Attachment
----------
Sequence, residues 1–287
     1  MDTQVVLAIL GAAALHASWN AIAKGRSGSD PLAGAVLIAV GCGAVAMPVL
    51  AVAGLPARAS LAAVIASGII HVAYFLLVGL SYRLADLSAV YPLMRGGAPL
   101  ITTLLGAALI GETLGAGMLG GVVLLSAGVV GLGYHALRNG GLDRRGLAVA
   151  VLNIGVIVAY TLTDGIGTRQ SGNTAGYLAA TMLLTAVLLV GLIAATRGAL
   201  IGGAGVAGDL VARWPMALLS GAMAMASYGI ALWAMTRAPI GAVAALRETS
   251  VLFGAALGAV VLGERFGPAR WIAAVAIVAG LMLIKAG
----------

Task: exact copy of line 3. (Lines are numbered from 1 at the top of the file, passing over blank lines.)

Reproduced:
    51  AVAGLPARAS LAAVIASGII HVAYFLLVGL SYRLADLSAV YPLMRGGAPL